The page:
Snapshot: Western Indian Ocean Marine Science Association (WIOMSA)
The WIOMSA [Western Indian Ocean Maritime Science Association] is a regional specialist, nongovernmental, nonprofit membership organization based in Zanzibar, Tanzania. The organization’s mission is to promote educational, scientific, and technological advancement of all aspects of maritime sciences throughout the Western Indian Ocean region [Mauritius, South Africa, Somalia, Mozambique, Comoros, Kenya, Seychelles, Madagascar, Tanzania, and Réunion [France]], with the goal of sustaining the use and preservation of the region’s marine resources. The organization has roughly 1000 individual members and 50 institutional partners from both in and out of the region.
Coastal practitioners, marine scientists, and institutions active in promoting maritime science research and innovation make up the WIOMSA organization’s multidisciplinary membership. The association:
- Develops and fosters inter-institutional connections within and outside the area by providing a place for communication and information exchange among its members.
- Offers research grants to assist marine research.
- Creates initiatives to help maritime scientists and coastal managers improve their skills.
- By conducting seminars and meetings on the discoveries and policy implications of research, the organization strives to foster policy dialogue on important issues.
WIOMSA [The Western Indian Ocean Maritime Science Association] fosters maritime science research through the MASMA [Marine Science for Management] and MARG [Marine Research Grant programs]. Marine Science for Management is a competitive research funding program that supports regional research as well as the organization of training courses and workshops.
Marine Science in the WIO [Western Indian Ocean] Region
To recognize and define priority environmental issues as well as alternative solutions and strategies, coastal and marine management requires technical and scientific information on both natural [biological, chemical, physical, and so on.] and social [perceptions, organizations, economic and cultural values, knowledge, etc.] processes. As a result, it’s critical to have access to relevant environmental data for assessing the effects of current and planned activities, as well as a solid scientific foundation that can adapt to the changing requirements of environmental management agencies and society in general. However, experience has shown that knowledge gathered is frequently misused in managerial processes.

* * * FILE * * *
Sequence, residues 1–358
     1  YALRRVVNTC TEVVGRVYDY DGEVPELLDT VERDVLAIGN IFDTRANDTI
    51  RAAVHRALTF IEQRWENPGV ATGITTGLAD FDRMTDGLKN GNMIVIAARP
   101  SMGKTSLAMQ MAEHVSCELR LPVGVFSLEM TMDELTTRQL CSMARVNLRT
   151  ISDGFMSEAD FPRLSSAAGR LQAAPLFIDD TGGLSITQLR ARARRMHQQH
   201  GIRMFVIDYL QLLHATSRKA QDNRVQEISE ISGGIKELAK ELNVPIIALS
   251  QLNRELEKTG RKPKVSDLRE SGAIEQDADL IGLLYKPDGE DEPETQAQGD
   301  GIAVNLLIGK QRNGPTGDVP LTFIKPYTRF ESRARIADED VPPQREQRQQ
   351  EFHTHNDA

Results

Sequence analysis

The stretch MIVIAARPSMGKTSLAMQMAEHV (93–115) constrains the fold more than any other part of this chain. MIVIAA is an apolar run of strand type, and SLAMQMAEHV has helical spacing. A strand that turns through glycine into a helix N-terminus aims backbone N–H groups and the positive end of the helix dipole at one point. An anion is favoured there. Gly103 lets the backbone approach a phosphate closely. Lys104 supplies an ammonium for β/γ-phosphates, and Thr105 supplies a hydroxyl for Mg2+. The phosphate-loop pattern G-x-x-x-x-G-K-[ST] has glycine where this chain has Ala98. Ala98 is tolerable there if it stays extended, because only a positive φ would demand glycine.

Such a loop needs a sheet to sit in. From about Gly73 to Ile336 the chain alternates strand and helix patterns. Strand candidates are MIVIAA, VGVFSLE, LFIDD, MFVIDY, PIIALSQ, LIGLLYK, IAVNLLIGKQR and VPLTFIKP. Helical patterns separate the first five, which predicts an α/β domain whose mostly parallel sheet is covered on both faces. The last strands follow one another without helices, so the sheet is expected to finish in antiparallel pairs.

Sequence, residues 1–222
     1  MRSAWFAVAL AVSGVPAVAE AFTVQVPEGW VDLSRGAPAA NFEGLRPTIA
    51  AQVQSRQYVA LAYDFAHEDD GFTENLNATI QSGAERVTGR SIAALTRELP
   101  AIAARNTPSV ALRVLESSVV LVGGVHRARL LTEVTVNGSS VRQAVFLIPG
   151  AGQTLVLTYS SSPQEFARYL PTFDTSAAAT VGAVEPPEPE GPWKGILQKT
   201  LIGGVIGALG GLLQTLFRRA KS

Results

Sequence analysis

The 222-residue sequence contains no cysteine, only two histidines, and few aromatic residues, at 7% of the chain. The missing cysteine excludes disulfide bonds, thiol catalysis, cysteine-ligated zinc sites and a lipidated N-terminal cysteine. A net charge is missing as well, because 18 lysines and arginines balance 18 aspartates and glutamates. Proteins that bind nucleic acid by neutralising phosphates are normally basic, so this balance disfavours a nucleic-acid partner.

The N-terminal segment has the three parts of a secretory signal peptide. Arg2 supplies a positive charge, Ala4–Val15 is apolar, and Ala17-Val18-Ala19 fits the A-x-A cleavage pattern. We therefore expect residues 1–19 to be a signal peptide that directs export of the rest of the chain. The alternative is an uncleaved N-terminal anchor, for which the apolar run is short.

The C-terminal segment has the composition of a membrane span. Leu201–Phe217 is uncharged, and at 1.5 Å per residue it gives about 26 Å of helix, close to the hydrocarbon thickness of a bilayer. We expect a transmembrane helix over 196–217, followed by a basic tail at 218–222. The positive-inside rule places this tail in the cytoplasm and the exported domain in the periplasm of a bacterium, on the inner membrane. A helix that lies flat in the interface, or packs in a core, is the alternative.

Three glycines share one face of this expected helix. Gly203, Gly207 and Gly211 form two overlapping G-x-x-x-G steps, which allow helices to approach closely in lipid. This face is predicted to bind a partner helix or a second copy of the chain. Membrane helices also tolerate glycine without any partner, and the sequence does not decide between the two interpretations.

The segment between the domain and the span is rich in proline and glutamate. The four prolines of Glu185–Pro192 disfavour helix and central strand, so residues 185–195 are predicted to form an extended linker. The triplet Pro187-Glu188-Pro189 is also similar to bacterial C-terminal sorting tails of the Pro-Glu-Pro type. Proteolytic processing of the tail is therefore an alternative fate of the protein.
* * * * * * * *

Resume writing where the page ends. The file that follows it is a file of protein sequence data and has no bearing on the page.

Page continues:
Over the last two decades, the WIO [Western Indian Ocean] region has experienced considerable growth in research studies on many aspects of the marine and coastal environment at the domestic, regional, and national levels. As a result, the knowledge base in these environments has grown, as has public awareness of crucial maritime and coastal issues. Many disciplines’ research capacities have also been improved.
A number of significant efforts have recently been implemented at both the regional and national levels, with the objective of improving both management and understanding of the maritime and coastal environment. Government efforts, combined with donation-supported projects and programs, have enabled nations in the region to significantly improve their marine and environmental management. The cumulative impact of such measures can be seen in the fact that all governments in the WIO district have begun to adopt integrated coastal zone control and create legislation and policies aimed at these coastal and marine environments to varying degrees. Governments have set up dedicated teams to deal with coastal and maritime issues in several circumstances. Furthermore, a number of maritime protected zones in priority regions have been established.
Despite these efforts, coastal and marine environment management in the Western Indian Ocean remains a problem. While most nations in the WIO area have put in place legislative, regulatory, legal, and institutional frameworks to protect and manage the coastal and marine environment, most governments have not been able to reverse the trend of coastal and marine ecosystem deterioration. This is due to a variety of circumstances, including, but not limited to, ineffective, inappropriate, and insufficient governing systems. Inadequate policy and legislative frameworks, limited institutional capability; inadequate funding mechanisms; poor awareness; as well as improper knowledge management are all examples of governance flaws.